I think it is important people report confidence intervals to provide an indication of the uncertainty in the point estimates they report. However, I am not too enthusiastic about the current practice to report 95% confidence intervals. I think there are good reasons to consider alternatives, such as reporting 99.9% confidence intervals instead.
I’m not alone in my dislike of a 95% CI. Sterne and Smith (2001, p. 230) have provided the following recommendation for the use of confidence intervals:
Confidence intervals for the main results should always be included, but 90% rather than 95% levels should be used. Confidence intervals should not be used as a surrogate means of examining significance at the conventional 5% level. Interpretation of confidence intervals should focus on the implications (clinical importance) of the range of values in the interval.
This last sentence is, along with world peace, an excellent recommendation of what we should focus on. Neither seems very likely in the near future. I think people (especially when they just do theoretical research) will continue to interpret confidence intervals as an indication of whether an effect is statistically different from 0, and make even more dichotomous statements than they do with p-values. After all, a confidence intervals includes 0 or not, but p-values come in three* different** magnitudes***.
We know that relatively high p-values (e.g., p-values > 0.01) provide relatively weak support for H1 (or sometimes, in large samples which give high power, they actually provide support for H0). So instead of using a 90% CI, I think it’s a better idea to use a 99.9% CI. This has several benefits.
First of all, instead of arguing to stop reporting p-values (which I don’t think is necessary) because confidence intervals give us exactly the same information, we can report p-values as we are used to (using p < 0.05) and 99.9% CI that tell us whether an effect differs from 0 with p < .001. We can now immediately see whether an effect is statistically different from 0 using the typical alpha-value, and whether it is still statistically different from 0 if we would have used a much stricter alpha level of 0.001. Note that I have argued against using a p<.001 as a hard criterion to judge whether a scientific finding has evidential value, and prefer a more continuous evaluation of research findings. However, when using 99.9% CI, you can use the traditional significance criterion we are used to, while at the same time looking what would have happened had you followed stricter recommendations of p < .001. Since evidential value is negatively correlated with p-values (the lower the p-value, the higher the evidential value, all else being equal, see Good, 1992), any effect that would have been significant with a p < .001 has more evidential value than an effect only significant at p < .05.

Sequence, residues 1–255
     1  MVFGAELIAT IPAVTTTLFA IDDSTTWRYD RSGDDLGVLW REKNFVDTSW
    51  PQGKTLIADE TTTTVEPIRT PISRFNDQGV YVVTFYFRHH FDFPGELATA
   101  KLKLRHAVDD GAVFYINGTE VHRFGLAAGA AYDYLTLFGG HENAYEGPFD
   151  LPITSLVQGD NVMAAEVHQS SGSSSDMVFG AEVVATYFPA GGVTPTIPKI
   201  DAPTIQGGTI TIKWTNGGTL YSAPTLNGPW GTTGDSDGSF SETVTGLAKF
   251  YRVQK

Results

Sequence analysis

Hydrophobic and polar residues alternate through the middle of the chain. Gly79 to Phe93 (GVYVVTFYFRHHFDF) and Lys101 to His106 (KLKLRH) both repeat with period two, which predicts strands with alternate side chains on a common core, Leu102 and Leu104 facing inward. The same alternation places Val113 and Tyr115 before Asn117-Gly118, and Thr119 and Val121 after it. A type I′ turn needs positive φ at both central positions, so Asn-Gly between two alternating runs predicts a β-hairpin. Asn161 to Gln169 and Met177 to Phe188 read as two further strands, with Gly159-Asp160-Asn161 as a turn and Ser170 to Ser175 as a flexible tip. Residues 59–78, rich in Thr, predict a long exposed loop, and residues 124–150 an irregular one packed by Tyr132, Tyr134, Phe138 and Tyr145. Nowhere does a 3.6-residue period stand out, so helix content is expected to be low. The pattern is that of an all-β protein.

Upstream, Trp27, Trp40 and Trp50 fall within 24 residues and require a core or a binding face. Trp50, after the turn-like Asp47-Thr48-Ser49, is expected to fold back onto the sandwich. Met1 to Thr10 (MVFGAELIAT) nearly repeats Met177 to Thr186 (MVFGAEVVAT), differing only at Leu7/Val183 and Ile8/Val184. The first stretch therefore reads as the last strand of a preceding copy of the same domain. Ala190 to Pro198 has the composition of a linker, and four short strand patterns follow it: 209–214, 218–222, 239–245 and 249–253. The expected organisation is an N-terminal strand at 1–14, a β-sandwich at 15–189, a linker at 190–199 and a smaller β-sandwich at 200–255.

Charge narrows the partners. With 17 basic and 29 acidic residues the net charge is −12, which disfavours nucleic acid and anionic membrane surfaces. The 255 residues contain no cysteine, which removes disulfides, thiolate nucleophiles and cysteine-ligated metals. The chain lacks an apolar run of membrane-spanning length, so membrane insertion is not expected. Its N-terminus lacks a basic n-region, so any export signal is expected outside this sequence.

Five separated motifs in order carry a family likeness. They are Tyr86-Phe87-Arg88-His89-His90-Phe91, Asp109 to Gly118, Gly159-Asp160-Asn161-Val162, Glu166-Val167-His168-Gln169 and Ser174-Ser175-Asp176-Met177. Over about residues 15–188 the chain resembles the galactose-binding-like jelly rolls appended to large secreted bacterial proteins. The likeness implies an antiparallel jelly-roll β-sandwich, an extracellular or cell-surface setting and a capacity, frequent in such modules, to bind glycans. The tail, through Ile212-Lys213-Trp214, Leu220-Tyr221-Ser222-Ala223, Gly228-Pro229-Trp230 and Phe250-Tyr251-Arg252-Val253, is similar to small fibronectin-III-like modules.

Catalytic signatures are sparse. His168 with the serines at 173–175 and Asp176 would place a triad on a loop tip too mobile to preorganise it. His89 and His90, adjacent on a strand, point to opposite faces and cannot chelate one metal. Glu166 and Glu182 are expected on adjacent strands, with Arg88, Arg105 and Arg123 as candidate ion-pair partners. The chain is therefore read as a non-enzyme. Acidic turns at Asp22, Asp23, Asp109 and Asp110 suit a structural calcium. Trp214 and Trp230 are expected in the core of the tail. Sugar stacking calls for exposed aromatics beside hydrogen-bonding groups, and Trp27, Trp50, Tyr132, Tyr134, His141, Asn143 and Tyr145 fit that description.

Second, confidence intervals are often incorrectly interpreted as the range which will contain the true parameter of interest (such as an effect size). Confidence intervals are statements about the number of future confidence intervals that will include the true parameter, not a statement about the number of parameters that will fall within the confidence interval.
The more intuitive interpretation people want to use when they see a confidence interval is to interpret it as a Capture Percentage (CP). My back-of-an-envelope explanation in the picture below shows how a 95% CI is only a 95% CP when the parameter (such as an effect size) you observe in a single sample happens to be exactly the same as the true parameter (left). When this is not the case (and it is almost often not exactly the case) less than 95% of future effect sizes will fall within the CI from your current sample (see the right side of the figure). In the long run, so on average, a 95% CI has a 83.4% capture probability.
This is explained in Cumming & Maillardet (2006), who present two formula to convert a Confidence Interval to a Capture Percentage. I’ve made a spreadsheet in case you want to try out different values:
Capture probabilities are interesting. You typically have only a single sample, and thus a single confidence interval, so any statement about what an infinity of future confidence intervals will do is relatively uninteresting. However, a capture percentage is a statement you can make based on a single confidence interval. Based on a single interval, it will say something about where future statistics (such as means or effect sizes) are likely to fall. A value of 83.4% is a little low (it means on average 16.6% of the time you will be wrong in the future). For a 99.9% confidence interval, the capture percentage is 98%. That’s two easy to remember numbers, and being 98% certain of where you can expect something is pretty good.
So, changing reporting practices away from 95% confidence intervals to 99.9% confidence intervals and 98% capture intervals has at least two benefits. The only downside is that confidence intervals are a little wider (see below for an independent t-test with n = 20 and a true d of 1), but if you really care about the width of a confidence interval, you can always collect a larger sample. Does this make sense? I'd love to hear your ideas about using 99.9% confidence intervals in the comments.